Saying he is upset about the recent school shooting in Uvalde, Texas, Major League Baseball manager of the San Francisco Giants Gabe Kapler announced Friday he is going to start boycotting the National Anthem at games “until I feel better about the direction of our country.” Kapler spoke to reporters in Cincinnati, where the Giants are playing a three-game stand against the Reds, after posting a statement on his decision saying, “We’re not the land of the free nor the home of the brave right now.” Kapler said he will remain in clubhouse for the anthem.
Gabe Kapler, screen image via NBCSports/Twitter.
Kapler, 46, is in his third year as Giants manager. He was named National League manager of the year for 2021 after leading the Giants to a 107-55 record and the National League West division title.
The day 19 children and 2 teachers were murdered, we held a moment of silence at sporting events around the country, then we played the national anthem, and we went on with our lives.
Players, staff and fans stood for the moment of silence, grieving the lives lost, and then we (myself included) continued to stand, proudly proclaiming ourselves the land of the free and the home of the brave. We didn’t stop to reflect on whether we are actually free and brave after this horrific event, we just stood at attention.
When I was the same age as the children in Uvalde, my father taught me to stand for the pledge of allegiance when I believed my country was representing its people well or to protest and stay seated when it wasn’t. I don’t believe it is representing us well right now.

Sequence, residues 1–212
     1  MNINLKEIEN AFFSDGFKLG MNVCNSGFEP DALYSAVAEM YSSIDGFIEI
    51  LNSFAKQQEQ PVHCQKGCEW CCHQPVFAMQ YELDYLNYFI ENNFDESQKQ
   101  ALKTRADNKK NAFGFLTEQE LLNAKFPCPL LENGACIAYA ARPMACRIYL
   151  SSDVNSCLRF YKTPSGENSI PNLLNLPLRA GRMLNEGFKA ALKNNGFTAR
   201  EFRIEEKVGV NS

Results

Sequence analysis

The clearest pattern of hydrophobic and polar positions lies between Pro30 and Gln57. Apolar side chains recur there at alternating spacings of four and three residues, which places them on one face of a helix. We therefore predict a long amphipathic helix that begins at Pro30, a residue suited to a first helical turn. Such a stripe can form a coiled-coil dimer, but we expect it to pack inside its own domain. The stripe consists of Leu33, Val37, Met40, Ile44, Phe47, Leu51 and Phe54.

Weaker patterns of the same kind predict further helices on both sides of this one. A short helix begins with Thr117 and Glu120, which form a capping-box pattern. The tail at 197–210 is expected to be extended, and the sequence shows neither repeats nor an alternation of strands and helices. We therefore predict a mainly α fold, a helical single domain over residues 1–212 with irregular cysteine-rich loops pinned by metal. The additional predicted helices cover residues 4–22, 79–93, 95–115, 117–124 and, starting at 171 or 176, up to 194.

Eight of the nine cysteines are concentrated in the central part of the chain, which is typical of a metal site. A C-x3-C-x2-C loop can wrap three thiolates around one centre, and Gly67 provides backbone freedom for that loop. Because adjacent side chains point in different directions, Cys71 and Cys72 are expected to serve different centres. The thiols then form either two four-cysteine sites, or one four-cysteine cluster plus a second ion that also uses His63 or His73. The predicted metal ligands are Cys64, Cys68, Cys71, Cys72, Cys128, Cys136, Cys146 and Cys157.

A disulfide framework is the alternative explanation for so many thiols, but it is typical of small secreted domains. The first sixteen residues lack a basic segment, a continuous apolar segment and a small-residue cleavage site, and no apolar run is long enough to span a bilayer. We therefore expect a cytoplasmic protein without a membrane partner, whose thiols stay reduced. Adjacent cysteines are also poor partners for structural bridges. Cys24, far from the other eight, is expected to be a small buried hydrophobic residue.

…Every time I place my hand over my heart and remove my hat, I’m participating in a self congratulatory glorification of the ONLY country where these mass shootings take place. On Wednesday, I walked out onto the field, I listened to the announcement as we honored the victims in Uvalde. I bowed my head. I stood for the national anthem. Metallica riffed on City Connect guitars.
My brain said drop to a knee; my body didn’t listen. I wanted to walk back inside; instead I froze. I felt like a coward. I didn’t want to call attention to myself. I didn’t want to take away from the victims or their families. There was a baseball game, a rock band, the lights, the pageantry. I knew that thousands of people were using this game to escape the horrors of the world for just a little bit. I knew that thousands more wouldn’t understand the gesture and would take it as an offense to the military, to veterans, to themselves.
But I am not okay with the state of this country. I wish I hadn’t let my discomfort compromise my integrity. I wish that I could have demonstrated what I learned from my dad, that when you’re dissatisfied with your country, you let it be known through protest. The home of the brave should encourage this.
Thursday night the New York Yankees and Tampa Bay Rays devoted their Twitter feeds to social justice:
The Yankees drew criticism for using the woke slur “Latinx”, “Each year, more than 4,100 Latinx people die from gun violence in the U.S. and 13,300 are shot and wounded.”
The Bronx Bombers even managed to offend Bronx native and Democrat Congressman Ritchie Torres, “I represent the South Bronx, home to the Yankees. Never heard anyone locally use the term ‘Latinx.’ Does a majority of Hispanics actually use the term ‘Latinx’? If the answer is ‘no’, how did ‘Latinx’ come to be the term to use in government and Corporate America?…If you are speaking to a particular person who prefers ‘Latinx,’ then, by all means, use the term. But if you are referring to the Hispanic community in general, why not use the term that the majority itself predominantly uses?…Every community should have the right to label itself, rather than have a label imposed on them by others.”